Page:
Jaguar Land Rover Is Developing A Morphable Seat

Developed by Jaguar Land Rover's Body Interiors Research division, the new seat uses a series of actuators in the foam to create constant micro-adjustments that make your brain think you're walking.

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Micro-adjustments made by series of actuators in seat foam simulate the rhythm of walking

Jaguar Land Rover is developing the seat of the future. It's a shape-shifting system designed to improve customer wellbeing by tackling the health risks of sitting down for too long. Currently being trialled by Jaguar Land Rover's Body Interiors Research division, this seat uses a series of actuators in the seat foam to create constant micro-adjustments that make your brain think you're walking, and could be individually tailored to each driver and passenger.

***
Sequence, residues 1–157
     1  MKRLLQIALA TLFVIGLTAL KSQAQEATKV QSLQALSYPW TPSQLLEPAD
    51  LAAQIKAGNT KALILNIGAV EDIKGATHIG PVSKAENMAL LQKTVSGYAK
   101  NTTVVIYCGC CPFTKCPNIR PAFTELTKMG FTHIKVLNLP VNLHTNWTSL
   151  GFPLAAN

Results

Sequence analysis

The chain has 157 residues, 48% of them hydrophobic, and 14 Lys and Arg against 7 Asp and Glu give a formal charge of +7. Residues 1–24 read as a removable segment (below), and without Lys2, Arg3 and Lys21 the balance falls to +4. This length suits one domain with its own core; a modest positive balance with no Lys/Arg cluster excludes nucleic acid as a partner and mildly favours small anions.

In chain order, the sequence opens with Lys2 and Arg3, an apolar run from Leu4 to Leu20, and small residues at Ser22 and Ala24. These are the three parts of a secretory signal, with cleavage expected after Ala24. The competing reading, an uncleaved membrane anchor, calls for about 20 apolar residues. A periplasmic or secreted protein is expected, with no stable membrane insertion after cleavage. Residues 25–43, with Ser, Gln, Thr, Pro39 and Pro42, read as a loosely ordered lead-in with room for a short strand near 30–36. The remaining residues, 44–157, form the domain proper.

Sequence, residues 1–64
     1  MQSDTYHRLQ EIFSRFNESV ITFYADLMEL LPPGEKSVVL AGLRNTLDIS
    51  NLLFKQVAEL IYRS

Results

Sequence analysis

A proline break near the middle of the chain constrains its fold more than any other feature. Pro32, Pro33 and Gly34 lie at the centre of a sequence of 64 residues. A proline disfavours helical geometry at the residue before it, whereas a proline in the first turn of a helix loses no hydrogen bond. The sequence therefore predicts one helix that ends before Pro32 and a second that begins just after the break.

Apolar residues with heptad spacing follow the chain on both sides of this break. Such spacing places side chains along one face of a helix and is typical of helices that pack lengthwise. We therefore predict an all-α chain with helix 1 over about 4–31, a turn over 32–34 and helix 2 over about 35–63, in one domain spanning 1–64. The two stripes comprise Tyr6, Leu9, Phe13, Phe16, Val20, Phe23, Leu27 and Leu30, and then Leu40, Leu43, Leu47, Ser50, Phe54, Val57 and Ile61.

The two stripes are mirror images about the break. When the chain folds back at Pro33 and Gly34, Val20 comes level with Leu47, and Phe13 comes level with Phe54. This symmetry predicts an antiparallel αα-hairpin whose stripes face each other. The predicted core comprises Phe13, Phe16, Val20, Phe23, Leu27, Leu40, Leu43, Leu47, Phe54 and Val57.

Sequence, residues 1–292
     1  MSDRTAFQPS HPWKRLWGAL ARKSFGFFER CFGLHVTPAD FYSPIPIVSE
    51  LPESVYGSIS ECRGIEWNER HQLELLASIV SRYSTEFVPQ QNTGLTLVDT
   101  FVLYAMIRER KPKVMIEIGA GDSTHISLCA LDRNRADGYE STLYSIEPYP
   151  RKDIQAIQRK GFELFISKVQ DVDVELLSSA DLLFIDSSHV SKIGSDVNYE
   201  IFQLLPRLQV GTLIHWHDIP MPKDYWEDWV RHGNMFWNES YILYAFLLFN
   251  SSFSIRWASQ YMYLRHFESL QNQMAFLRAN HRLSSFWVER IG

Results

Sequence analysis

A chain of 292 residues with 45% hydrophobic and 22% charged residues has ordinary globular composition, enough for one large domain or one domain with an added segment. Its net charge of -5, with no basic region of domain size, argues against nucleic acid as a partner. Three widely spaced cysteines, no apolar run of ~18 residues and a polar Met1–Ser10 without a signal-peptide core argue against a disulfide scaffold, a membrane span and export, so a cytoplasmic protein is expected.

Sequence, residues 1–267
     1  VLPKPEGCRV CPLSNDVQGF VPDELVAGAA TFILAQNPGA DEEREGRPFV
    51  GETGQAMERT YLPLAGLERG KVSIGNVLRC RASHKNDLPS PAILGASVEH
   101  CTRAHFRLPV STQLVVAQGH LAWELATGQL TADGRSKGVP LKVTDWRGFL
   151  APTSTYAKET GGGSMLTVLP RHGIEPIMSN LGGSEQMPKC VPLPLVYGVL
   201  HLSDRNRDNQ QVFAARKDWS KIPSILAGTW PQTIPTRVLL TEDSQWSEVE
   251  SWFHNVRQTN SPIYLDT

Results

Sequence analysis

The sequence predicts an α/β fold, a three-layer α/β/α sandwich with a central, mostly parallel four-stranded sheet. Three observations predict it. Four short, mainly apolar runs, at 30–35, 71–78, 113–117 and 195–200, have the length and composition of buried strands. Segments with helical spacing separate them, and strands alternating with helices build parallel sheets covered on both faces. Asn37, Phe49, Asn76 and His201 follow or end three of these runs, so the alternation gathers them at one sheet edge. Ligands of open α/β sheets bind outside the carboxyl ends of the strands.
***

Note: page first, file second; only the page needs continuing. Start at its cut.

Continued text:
By simulating the rhythm of walking, a movement known as pelvic oscillation, the technology can help mitigate against the health risks of sitting down for too long on extended journeys with UK drivers covering an average of 234 km every week. The research is part of Jaguar Land Rover's commitment to continually improving customer wellbeing through technological innovation. Previous projects have included research to reduce the effects of motion sickness and the implementation of ultraviolet light technology to stop the spread of colds and flu.

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Dr Steve Iley, Jaguar Land Rover Chief Medical Officer, said, "We are using our engineering expertise to develop the seat of the future using innovative technologies not seen before in the automotive industry to help tackle an issue that affects people across the globe."

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